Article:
UK consultants working in Russia stay put for now

UK firms were working out this afternoon what the impact of the government’s promised threat of sanctions will be on their business in Russia after its president Vladimir Putin ordered troops into two rebel-held regions in eastern Ukraine overnight.

Earlier today, prime minister Boris Johnson imposed asset freezes on five major Russian banks and three high-net-worth individuals telling MPs in the House of Commons: “This is the first tranche, the first barrage of what we are prepared to do.”

But UK businesses working in Russia contacted by Building Design said they were carrying on as normal – for now.


Source: Shutterstock

Ukrainian armoured personnel carriers near Kharkiv, close to the Russian border in north-east Ukraine

In a statement, Aecom, which has nearly 400 mainly local staff across two offices in Russia’s capital Moscow and St Petersburg, said: “Our operations are currently unaffected and we are monitoring the situation closely.”

Listed architect Aukett, which has been working in the country since the early 1990s, is currently designing an education and medical scheme at Skolkovo, on the outskirts of Moscow, masterplanned by Swiss architect Herzog & de Meuron.

Its chief executive Nicholas Thompson said it no longer has any directly employed staff in the country after striking a deal in 2019 to sell the business to a local firm – but continues to work there under a licencing agreement.

He added: “We’re not affected by the sanctions announced today. It’s something we’re going to watch, especially if the sanctions list gets widened.”

But Grimshaw Architects chairman Andrew Whalley admitted its work on the second phase of work at St Petersburg airport could come to “a rapid stop” because of the crisis. Speaking at Building Design’s World Architecture Day, he added: “I think you would be rather foolish to do anything there at the moment, the risk is too high.”

Thompson said the biggest problem firms could face was if sanctions were ramped up to such an extent they began to affect the flow of money to and from Russia. “It would be an issue. Funds wouldn’t be able to travel either way. But architecture is not really a controversial sector [for it to be covered by sanctions].”

Jeremy Farrington, a principal at BDP, which is not currently working in Russia but has several times in the last decade, said: “I’m sure we’re not alone in our approach to this [but] when we entered into contracts with some of our Russian clients we negotiated some very specific clauses that dealt with that issue of if there were sanctions that were put in place at a geo-political level there were mechanisms in place for us to receive our funds, frankly speaking. And that’s about all you can really do in these kinds of situations.” Also speaking at WA100 Live, he added: ”The other way of course is to work with local partners in Russia, local consultants, and that’s really important in terms of mitigating risk.”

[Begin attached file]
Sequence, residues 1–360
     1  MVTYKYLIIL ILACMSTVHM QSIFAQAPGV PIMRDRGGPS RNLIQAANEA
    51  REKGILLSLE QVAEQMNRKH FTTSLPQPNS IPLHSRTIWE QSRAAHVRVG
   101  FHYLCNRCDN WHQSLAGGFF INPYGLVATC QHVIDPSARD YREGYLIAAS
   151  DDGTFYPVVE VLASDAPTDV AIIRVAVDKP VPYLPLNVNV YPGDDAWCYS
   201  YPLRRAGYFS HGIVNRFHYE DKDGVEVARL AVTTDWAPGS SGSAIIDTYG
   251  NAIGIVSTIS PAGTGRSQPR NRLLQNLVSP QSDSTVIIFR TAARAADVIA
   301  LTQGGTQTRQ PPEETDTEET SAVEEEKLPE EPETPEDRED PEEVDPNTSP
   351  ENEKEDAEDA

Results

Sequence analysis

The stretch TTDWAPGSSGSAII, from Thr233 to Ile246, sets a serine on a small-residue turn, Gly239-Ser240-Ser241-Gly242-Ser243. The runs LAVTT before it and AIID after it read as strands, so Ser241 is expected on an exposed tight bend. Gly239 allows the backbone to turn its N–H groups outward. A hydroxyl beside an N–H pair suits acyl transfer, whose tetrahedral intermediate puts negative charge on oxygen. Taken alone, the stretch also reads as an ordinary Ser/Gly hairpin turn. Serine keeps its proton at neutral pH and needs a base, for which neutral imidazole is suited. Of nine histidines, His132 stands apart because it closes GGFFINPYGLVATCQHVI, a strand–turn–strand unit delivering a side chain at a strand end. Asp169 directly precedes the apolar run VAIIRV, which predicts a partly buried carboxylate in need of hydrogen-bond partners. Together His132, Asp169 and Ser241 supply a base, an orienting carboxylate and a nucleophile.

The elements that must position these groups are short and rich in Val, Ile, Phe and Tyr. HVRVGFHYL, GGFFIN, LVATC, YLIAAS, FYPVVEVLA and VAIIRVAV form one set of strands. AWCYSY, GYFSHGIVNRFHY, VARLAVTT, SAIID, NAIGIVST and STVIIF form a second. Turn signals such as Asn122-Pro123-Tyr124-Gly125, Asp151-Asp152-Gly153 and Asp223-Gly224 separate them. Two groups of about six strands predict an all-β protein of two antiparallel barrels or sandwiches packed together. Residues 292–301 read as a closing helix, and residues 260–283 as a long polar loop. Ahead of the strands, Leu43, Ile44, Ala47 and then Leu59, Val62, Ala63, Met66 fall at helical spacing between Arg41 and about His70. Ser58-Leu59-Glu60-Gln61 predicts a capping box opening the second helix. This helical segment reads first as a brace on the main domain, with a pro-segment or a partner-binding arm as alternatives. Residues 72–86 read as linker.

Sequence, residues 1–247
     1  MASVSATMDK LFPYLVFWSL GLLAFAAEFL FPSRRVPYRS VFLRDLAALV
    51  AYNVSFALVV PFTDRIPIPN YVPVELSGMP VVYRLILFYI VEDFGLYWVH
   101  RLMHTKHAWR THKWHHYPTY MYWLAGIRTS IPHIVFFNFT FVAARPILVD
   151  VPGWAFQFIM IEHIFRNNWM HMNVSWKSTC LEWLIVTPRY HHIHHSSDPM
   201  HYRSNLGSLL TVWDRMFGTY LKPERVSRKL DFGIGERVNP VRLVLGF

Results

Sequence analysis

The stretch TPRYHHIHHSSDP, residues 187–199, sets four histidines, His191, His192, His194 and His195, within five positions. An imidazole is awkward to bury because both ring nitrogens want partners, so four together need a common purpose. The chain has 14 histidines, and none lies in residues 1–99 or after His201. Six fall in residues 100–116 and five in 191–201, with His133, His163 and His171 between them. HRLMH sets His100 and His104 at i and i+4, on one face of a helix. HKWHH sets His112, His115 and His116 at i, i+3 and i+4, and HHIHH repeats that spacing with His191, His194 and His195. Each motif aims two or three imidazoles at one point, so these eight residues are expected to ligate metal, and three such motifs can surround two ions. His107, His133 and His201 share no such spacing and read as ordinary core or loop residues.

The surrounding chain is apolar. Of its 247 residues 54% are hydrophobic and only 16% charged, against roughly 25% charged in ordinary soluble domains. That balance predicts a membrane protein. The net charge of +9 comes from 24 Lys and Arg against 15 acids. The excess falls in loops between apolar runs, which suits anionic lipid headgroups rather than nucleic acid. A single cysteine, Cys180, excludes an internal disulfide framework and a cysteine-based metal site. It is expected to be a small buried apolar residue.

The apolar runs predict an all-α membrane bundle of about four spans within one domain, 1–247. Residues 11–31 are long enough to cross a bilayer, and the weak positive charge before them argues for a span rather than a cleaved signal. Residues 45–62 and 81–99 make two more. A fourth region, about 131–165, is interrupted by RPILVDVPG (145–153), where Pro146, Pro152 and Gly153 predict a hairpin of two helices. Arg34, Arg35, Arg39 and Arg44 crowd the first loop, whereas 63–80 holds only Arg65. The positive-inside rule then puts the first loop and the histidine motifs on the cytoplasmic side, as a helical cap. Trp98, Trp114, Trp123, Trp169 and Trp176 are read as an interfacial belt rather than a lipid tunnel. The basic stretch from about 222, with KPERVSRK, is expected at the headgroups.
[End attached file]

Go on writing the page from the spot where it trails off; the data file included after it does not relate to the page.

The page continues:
One major UK architect said the warning signs had been there for several years and that if practices had not prepared themselves with appropriate get-out and payment clauses it would be a “failure of governance or control”.

Simon Rawlinson, a partner at Arcadis, which does not have staff out in Russia, said the most immediate knock-on impact of the crisis would be on energy prices.

He said: “All everybody is going to be worried about at the moment is going to be around energy costs.

“We don’t know yet whether what happened yesterday and today could end in a diplomatic approach or it could end in conflict. There is a huge amount of speculation out there so on that basis it is very difficult to try and extrapolate things from Ukraine to the UK.”

But he added that one of the unexpected benefits of the crisis might be a glut of microchips. “Russia is highly dependent on the west for technology such as microchips,” he said. “One of the great shortages that’s affecting things in construction is microchips – presumably if the microchips don’t go to Russia because of sanctions they will have to go somewhere else.”


Zaha Hadid Architects is working on three metro stations in the Ukrainian city of Dnipro

Meanwhile, Gleeds is one of the few UK consultants with an office in Ukraine’s capital Kyiv.

The firm’s country director, Colin Ross, who spoke to Building magazine last week about the ongoing situation, said this afternoon: “Life goes on but tension has increased. [People in Ukraine] are waiting to see what the west does and how Putin reacts.”

Another firm working out in Ukraine is Zaha Hadid Architects which has designed three stations for a metro scheme in Dnipro, a city in the middle of the country, with the job due to finish next year. The firm declined to comment on the current situation.